Tuesday, July 2, 2013

The Restless Eye

"Night Windows"  Edward Hopper, 1928

Staying with the early decades of the 20th century, I am reading The Great Gatsby for maybe the fifth or sixth time and continue to marvel at its linguistic perfection. Here still are the eternal images that define the book – Daisy and Jordan Baker in the windswept drawing room with the billowing curtains, the enormous bespectacled eyes of Doctor T.J. Eckleburg towering over the ash farm by the train tracks, Gatsby stretching out his arms to the light at the end of the dock. But this time I was struck by a passage that I had swept by on my previous readings, a passage that brought to mind the evocative urban paintings of Edward Hopper.
In 1922, Nick Carraway, the narrator, is a young man from the Midwest who is learning the bond business in the “white chasms of lower New York.” In the evenings he would have dinner at the Yale Club and then stroll down Madison Avenue and over 33rd Street to Pennsylvania Station to take a train out to his solitary little house on Long Island.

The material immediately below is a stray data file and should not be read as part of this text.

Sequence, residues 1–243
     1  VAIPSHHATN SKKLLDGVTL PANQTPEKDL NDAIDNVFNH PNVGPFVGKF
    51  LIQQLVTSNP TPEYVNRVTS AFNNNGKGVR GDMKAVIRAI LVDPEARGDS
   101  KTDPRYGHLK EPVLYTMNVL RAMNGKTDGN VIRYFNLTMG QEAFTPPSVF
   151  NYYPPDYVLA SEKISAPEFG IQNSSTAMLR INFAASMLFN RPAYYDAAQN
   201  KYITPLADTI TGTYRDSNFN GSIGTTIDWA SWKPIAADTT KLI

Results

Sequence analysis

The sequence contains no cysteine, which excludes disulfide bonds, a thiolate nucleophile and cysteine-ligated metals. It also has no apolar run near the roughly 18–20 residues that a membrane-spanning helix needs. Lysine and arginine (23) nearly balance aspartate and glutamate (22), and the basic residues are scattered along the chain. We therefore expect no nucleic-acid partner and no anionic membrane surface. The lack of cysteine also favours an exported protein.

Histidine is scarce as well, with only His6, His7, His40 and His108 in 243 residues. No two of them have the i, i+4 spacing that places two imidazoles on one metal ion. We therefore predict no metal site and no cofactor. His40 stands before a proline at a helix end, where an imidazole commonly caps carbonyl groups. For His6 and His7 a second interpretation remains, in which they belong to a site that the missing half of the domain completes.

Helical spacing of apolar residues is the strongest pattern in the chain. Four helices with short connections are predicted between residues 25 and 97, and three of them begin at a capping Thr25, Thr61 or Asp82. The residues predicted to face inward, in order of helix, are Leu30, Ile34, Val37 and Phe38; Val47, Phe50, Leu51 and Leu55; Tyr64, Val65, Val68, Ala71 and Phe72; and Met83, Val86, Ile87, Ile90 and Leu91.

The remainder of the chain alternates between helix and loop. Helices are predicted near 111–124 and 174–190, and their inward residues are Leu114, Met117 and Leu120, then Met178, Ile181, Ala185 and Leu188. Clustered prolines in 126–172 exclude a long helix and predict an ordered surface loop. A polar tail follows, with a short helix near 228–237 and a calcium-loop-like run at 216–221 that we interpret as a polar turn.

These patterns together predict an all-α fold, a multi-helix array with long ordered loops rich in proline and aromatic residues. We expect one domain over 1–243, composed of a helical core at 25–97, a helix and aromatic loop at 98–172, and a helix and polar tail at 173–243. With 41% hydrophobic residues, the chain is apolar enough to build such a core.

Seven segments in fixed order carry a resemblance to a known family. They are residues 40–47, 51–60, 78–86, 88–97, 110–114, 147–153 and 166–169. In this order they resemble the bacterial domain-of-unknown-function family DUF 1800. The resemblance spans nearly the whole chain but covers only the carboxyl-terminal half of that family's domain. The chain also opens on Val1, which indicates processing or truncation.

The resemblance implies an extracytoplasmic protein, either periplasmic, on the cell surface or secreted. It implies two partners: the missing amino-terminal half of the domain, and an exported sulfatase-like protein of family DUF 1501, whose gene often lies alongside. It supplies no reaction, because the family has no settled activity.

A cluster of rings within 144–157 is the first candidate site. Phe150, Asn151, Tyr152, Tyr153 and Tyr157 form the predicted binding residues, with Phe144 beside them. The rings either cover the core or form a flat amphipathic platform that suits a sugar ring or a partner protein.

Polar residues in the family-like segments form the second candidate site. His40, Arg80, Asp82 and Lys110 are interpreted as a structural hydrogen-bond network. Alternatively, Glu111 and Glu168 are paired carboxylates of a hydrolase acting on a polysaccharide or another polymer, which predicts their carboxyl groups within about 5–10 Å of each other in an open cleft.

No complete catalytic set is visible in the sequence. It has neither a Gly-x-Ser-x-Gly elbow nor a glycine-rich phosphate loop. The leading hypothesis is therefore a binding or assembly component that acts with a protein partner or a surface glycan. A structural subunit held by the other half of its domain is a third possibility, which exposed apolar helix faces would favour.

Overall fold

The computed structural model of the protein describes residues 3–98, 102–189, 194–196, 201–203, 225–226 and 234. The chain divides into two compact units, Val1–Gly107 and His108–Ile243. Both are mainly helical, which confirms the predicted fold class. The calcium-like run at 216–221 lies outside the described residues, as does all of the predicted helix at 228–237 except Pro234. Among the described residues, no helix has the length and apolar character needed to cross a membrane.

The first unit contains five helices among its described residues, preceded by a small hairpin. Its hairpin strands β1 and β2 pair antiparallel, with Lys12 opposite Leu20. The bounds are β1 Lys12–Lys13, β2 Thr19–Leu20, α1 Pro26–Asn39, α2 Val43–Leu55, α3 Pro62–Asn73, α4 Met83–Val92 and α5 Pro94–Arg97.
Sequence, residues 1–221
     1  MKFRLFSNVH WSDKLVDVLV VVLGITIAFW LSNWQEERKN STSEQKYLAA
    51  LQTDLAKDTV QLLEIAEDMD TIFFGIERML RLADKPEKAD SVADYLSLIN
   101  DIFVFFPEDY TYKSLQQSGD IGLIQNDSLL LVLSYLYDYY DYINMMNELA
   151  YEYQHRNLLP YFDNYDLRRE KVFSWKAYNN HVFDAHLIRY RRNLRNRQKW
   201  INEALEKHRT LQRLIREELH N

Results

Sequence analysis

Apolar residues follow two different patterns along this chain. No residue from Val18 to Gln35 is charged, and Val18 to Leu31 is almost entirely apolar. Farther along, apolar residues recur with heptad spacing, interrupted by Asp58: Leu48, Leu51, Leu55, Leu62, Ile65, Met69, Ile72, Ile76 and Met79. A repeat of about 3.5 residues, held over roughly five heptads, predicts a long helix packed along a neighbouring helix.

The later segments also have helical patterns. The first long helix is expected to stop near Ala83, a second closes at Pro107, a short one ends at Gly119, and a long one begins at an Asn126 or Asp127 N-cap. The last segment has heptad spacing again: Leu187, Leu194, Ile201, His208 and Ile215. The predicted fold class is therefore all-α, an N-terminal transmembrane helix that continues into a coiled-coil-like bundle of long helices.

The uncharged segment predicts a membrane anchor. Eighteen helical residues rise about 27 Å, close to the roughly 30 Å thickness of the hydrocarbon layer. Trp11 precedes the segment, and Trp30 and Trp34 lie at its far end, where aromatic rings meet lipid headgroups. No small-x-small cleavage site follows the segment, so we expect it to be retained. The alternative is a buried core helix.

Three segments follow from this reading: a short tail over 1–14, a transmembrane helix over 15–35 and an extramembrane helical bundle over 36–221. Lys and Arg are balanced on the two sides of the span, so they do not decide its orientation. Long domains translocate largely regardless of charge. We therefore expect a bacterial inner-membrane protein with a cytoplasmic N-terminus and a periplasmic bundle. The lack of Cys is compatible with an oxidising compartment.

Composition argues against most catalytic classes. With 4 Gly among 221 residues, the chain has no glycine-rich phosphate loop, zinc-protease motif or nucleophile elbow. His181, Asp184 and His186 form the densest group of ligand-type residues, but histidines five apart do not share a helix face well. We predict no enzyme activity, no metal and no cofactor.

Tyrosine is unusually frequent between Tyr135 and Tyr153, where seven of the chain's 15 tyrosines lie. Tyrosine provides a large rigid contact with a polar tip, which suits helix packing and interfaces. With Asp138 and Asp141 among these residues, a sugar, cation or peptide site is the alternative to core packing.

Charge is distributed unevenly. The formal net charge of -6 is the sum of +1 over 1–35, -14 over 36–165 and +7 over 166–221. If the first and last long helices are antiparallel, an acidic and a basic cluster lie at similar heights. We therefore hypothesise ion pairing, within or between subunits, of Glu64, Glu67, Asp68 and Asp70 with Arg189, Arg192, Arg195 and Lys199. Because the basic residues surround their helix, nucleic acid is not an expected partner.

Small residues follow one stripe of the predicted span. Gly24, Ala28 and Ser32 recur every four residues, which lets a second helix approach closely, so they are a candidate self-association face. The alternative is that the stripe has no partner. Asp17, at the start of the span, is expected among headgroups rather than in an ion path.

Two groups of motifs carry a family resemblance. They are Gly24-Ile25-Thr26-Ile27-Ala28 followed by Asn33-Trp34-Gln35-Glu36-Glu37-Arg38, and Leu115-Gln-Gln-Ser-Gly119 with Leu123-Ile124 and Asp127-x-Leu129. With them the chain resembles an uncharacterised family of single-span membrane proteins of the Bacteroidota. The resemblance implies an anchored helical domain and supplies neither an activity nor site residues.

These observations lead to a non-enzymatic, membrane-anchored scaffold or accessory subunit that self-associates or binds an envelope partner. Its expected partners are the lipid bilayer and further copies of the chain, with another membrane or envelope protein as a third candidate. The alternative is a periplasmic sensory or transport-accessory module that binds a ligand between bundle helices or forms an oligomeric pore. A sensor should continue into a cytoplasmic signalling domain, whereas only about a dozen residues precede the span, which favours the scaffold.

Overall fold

“I began to like New York, the racy, adventurous feel of it at night, and the satisfaction that the constant flicker of men and women and machines gives to the restless eye. I liked to walk up Fifth Avenue and pick out romantic women from the crowd and imagine that in a few minutes I was going to enter into their lives, and no one would ever know or disapprove. Sometimes, in my mind, I followed them to their apartments on the corners of hidden streets, and they turned and smiled back at me before they faded through a door into warm darkness. At the enchanted metropolitan twilight I felt a haunting loneliness sometimes, and felt it in others – poor young clerks who loitered in front of windows waiting until it was time for a solitary restaurant dinner – young clerks in the dusk, wasting the most poignant moments of night and life.
Again at eight o’clock, when the dark lanes of the Forties were lined five deep with throbbing taxicabs, bound for the theatre district, I felt a sinking in my heart. Forms leaned together in the taxis as they waited, and voices sang, and there was laughter from unheard jokes, and lighted cigarettes made unintelligible circles inside. Imagining that I, too, was hurrying toward gaiety and sharing their intimate excitement, I wished them well.”

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